You might not think often about how your air conditioner works, but it has to have refrigerant to keep your residence fresh. This refrigerant is controlled by environmental laws, as it contains chemicals.
Based on when your air conditioner was installed, it may use R-22, R-410A or R-32 refrigerant. We’ll go over the differences and which air conditioner refrigerants are being phased out in Tomball, in addition to how these phaseouts affect you.
What’s R-22 and Why is It No Longer Being Made?
If your air conditioner was installed before 2010, it possibly uses Freon®. You can discover if your air conditioner has it by reaching us at 713-364-9957. You can also look at the name plate on your air conditioner condenser, which is located outside your house. This sticker will have information on what model of refrigerant your AC has.
Freon, which is also referred to as R-22, includes chlorine. Scientists consider this chemical to be harmful to the earth’s ozone layer and one that results in global warming. The Environmental Protection Agency, which controls refrigerants in the United States, banned its production and import in January 2020.
I Use an Air Conditioner with R-22. Do I Need to Get a New One?
It varies. If your air conditioning is cooling as designed, you can continue to keep it. With routine air conditioner maintenance, you can expect your system to work around 15–20 years. However, the Department of Energy reports that substituting a 10-year-old air conditioner could save you 20–40% on yearly cooling expenses!
If you don’t replace your air conditioner, it can lead to a problem if you have to have air conditioning repair down the road, specifically for refrigerant. Repairs might be higher-priced, as only limited levels of recycled and reclaimed R-22 is on hand.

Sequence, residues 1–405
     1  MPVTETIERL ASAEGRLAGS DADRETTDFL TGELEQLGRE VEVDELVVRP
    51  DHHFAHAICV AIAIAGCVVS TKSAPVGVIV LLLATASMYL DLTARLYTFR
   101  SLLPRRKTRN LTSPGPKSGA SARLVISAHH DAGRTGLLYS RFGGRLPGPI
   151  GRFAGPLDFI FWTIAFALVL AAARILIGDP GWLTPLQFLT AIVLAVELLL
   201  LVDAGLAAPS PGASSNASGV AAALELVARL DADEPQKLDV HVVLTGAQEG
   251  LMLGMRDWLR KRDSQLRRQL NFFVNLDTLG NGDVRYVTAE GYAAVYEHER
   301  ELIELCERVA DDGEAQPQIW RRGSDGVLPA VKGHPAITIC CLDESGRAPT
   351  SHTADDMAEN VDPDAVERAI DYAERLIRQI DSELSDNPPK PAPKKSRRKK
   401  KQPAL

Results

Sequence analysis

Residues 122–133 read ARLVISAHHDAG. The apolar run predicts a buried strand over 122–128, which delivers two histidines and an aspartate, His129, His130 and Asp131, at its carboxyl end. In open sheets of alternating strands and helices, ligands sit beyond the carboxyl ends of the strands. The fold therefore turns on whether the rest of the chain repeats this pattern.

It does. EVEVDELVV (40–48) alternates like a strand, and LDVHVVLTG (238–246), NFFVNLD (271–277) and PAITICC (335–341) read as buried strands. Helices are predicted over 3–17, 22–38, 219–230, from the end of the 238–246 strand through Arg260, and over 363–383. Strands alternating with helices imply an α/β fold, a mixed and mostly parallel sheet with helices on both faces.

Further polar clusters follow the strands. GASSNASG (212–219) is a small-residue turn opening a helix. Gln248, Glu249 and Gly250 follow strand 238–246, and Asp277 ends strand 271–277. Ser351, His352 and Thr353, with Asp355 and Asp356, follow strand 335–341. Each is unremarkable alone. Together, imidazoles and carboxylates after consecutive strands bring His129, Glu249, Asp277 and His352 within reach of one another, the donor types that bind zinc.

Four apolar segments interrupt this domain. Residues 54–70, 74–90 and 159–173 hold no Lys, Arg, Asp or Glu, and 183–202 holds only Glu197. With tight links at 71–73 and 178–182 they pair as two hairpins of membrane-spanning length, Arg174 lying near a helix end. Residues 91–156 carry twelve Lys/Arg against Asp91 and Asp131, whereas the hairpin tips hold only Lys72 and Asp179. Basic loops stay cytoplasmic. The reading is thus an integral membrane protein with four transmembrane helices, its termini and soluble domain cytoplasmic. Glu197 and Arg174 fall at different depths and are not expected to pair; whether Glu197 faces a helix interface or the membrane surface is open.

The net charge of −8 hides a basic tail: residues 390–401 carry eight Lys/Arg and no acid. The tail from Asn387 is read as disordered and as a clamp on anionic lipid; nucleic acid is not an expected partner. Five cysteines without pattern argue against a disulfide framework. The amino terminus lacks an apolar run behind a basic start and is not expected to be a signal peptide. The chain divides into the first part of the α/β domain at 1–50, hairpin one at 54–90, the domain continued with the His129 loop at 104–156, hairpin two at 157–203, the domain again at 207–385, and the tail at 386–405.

With the discontinuation of R-22, most new air conditioners now have Puron®. Also called R-410A, this refrigerant was created to keep the ozone layer healthy. As it needs a varying pressure level, it isn’t compatible with air conditioners that rely on R-22 for cooling.
However, Puron still has the possibility to contribute to global warming. As a consequence, it may also eventually be phased out. Although it hasn’t been communicated yet for residential air conditioners, it’s expected sometime this decade.
What Refrigerant Will Take Over R-410A?
In preparation of the end, some brands have begun using R-32 in new air conditioners. This refrigerant rates low for global warming possibility—around one-third less than R-410A. And it also reduces energy use by approximately 10%, according to the Intergovernmental Panel on Climate Change’s Fourth Assessment Report. That’s savings that may be forwarded on to you through your electrical bills.
Premium Air Services LLC Can Provide Support with All Your Air Conditioning Needs
In short, the alterations to air conditioner refrigerant probably won’t concern you a whole lot until you require repairs. But as we mentioned earlier, repairs connected to refrigerant can be pricier because of the limited levels on hand.
Not to mention, your air conditioner frequently stops working at the worst time, typically on the muggiest day when we’re getting many other requests for AC repair.
If your air conditioner requires a phased out refrigerant or is getting old, we suggest installing a modern, energy-efficient air conditioner. This delivers a hassle-free summer and might even reduce your electrical expenses, especially if you choose an ENERGY STAR®-rated model. Plus, Premium Air Services LLC offers many financing solutions to make your new air conditioner fit your budget. Contact us at 713-364-9957 to get started today with a free estimate.